GRAND RAPIDS, Mich. (WOOD) — Tina Turner’s name on the marquee outside Van Andel Arena announced her last appearance in Grand Rapids in 2000.

Six blocks to the east at the office of the YWCA West Central Michigan, it wasn’t just the music that mattered: It was the revelation by Turner in the 1980s that she was a domestic abuse survivor.

“No one is immune to domestic violence. It can happen to anyone,” YWCA West Central Michigan CEO Charisse Mitchell said.

Turner died this week at age 83.

In the ’60s and ’70s, she and her husband made it big with the Ike & Tina Turner Revue. But there was a dark flip side to the music. In her 1986 biography, “I, Tina,” Turner discussed the abuse she suffered at the hands of her husband. It was a watershed moment for domestic abuse survivors.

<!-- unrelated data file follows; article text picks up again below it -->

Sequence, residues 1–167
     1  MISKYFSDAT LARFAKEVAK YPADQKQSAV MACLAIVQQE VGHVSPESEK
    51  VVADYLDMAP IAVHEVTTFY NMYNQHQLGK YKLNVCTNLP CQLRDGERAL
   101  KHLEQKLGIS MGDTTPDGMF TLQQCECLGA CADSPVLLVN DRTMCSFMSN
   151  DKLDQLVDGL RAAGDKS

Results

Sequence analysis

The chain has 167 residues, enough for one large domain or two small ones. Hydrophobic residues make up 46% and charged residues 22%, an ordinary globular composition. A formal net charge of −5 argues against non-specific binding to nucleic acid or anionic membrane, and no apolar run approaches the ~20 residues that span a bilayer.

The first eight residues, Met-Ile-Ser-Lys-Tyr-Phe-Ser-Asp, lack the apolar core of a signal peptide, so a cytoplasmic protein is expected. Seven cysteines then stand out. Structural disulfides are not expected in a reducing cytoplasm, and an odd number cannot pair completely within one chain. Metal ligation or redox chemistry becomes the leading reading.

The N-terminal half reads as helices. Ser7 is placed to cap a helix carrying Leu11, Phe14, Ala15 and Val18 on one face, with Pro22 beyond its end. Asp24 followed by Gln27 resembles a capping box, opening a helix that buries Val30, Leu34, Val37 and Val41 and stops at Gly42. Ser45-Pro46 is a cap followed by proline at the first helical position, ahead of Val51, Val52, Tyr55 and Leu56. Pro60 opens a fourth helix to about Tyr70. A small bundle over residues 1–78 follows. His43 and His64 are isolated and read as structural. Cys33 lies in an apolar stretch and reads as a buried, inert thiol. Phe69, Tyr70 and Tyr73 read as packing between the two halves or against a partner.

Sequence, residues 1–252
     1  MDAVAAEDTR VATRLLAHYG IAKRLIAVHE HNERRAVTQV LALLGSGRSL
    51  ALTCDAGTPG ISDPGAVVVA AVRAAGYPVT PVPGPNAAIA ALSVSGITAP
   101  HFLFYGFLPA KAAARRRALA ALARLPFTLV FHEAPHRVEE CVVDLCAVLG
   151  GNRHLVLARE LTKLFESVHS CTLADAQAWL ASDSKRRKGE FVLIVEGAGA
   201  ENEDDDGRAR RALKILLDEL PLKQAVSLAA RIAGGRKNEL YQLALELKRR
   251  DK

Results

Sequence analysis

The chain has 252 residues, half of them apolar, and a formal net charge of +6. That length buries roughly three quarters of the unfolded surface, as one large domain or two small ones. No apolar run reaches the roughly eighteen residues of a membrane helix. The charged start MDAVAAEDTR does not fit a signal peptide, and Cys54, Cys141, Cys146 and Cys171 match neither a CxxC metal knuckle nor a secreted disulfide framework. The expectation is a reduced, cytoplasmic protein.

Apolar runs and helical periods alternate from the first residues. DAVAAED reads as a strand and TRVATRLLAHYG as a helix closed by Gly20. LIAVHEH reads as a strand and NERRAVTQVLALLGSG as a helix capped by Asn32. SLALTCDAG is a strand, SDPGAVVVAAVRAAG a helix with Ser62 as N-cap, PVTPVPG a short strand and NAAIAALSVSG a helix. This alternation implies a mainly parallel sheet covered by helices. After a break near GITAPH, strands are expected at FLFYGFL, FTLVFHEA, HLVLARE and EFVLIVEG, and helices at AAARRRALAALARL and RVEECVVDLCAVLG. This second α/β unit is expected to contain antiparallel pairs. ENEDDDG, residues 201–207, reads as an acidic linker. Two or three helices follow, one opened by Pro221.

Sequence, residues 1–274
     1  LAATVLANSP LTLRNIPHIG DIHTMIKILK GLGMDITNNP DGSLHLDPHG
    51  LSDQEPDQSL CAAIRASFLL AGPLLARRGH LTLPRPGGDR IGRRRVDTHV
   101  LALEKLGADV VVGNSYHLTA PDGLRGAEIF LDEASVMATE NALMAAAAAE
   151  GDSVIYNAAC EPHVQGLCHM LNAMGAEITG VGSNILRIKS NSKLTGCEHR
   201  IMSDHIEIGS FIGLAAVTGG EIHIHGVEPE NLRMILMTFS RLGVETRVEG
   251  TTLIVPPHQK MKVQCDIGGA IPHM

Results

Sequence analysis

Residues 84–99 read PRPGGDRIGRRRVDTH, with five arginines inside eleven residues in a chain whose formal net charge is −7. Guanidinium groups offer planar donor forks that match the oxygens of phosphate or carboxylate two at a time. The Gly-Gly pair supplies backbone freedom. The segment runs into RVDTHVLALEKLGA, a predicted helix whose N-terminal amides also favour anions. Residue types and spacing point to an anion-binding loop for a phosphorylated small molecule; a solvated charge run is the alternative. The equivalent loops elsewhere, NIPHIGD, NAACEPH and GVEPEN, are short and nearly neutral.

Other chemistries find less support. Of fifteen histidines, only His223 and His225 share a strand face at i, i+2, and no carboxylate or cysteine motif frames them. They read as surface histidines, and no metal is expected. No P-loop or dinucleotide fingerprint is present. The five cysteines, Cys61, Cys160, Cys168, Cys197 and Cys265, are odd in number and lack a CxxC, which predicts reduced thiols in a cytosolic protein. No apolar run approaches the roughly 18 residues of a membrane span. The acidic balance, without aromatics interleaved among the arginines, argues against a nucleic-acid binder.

“To have people like Tina Turner and others in public spaces who are public-facing, that people look up to and admire, say, ‘This is real,’ it is important for survivors to know they’re not alone,” Mitchell said. “That was a reminder to everyone who may have been suffering in silence that this is not something we need to be ashamed of. “

As the stigma of domestic violence began to ease, the approach to dealing with it by organizations like the YWCA evolved.

“Having survivors be responsible for their own safety is a very limited view of domestic violence,” Mitchell said.

Domestic violence is now considered a community problem in need of a community approach to solutions.

“I want to know what can we do as a community? What is the next step? What kinds of environments and safety can we create? What is a community doing when a perpetrator is harming someone?” Mitchell said.

If you or someone you know in an abusive relationship and needs help, you can call the YWCA anytime at 616.454.9922 or go to its website to chat.